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Image: Researchers study how plants improve wound closure in humans

(Natural News) In this review, researchers from Mexico summarized evidence of plant extracts and their active components accelerating wound closure and tissue repair. This article was published in the Journal of Medicinal Food.

  • The body responds to skin insult and damage by triggering a complex healing process. This involves multiple coordinated reactions at both the cellular and molecular level occurring simultaneously.
  • The healing process can be divided into two parts: cell migration and tissue remodeling of the wound.
  • Deep wounds, especially those from surgical procedures, require a multi-disciplinary approach for the wound healing process to be successful.
  • Recently, scientific interest in the identification of active compounds derived from ornamental, edible and wild plants has increased. These plants are commonly used in the cosmetics and skin product industry.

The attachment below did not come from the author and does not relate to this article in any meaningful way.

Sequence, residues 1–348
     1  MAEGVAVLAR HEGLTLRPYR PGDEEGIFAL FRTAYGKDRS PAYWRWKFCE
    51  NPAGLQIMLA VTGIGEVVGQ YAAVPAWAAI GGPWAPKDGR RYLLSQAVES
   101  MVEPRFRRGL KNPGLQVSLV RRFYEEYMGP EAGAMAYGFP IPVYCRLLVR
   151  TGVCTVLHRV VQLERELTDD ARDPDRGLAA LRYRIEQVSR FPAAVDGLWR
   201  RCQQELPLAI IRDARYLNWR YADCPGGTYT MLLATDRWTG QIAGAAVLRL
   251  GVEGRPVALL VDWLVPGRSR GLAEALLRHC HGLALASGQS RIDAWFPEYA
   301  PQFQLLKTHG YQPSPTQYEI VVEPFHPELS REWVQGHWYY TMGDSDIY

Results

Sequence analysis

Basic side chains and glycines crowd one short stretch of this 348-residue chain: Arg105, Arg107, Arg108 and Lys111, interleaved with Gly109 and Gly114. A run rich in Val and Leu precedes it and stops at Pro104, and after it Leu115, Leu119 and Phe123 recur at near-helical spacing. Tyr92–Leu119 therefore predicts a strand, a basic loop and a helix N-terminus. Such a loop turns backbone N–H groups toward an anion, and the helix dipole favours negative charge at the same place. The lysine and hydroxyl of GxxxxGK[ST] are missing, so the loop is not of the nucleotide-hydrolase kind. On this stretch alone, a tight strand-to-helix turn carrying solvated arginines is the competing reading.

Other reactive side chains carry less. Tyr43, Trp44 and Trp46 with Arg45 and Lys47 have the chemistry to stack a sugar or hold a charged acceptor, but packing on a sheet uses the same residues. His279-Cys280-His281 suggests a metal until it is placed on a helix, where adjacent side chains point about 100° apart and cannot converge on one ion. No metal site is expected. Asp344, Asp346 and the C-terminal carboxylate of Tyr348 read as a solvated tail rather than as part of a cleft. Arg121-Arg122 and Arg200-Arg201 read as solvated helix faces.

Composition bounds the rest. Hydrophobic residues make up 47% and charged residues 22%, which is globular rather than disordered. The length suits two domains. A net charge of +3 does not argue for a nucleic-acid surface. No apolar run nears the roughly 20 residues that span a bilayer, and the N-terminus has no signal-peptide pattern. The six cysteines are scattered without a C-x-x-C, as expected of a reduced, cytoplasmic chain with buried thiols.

• According to studies, the active compounds present in natural sources like propolis and aloe vera could induce wound healing and tissue regeneration, thus reducing the time needed to complete wound closure.
  • Meanwhile, plants like Achillea millefolium and Salvia officinalis have anti-inflammatory properties and can promote cell proliferation. This ability contributes to faster tissue regeneration.
  • Reports also suggest that Malva sylvestris can influence the formation of fibrosis-free granulation tissue in the skin. Casearia sylvestris, on the other hand, can induce angiogenesis.
  • These beneficial properties have been evaluated in cell lines, different animal models and in randomized clinical trials.

The researchers believe that the active components of these plants have the potential to be developed as natural agents that can accelerate wound closure and tissue repair.

Journal Reference:

Medellin-Luna MF, Castaneda-Delgado JE, Martinez-Balderas VY, Cervantes-Villagrana AR. MEDICINAL PLANT EXTRACTS AND THEIR USE AS WOUND CLOSURE INDUCING AGENTS. Journal of Medicinal Food. 14 May 2019;22(5):435–443. DOI: 10.1089/jmf.2018.0145

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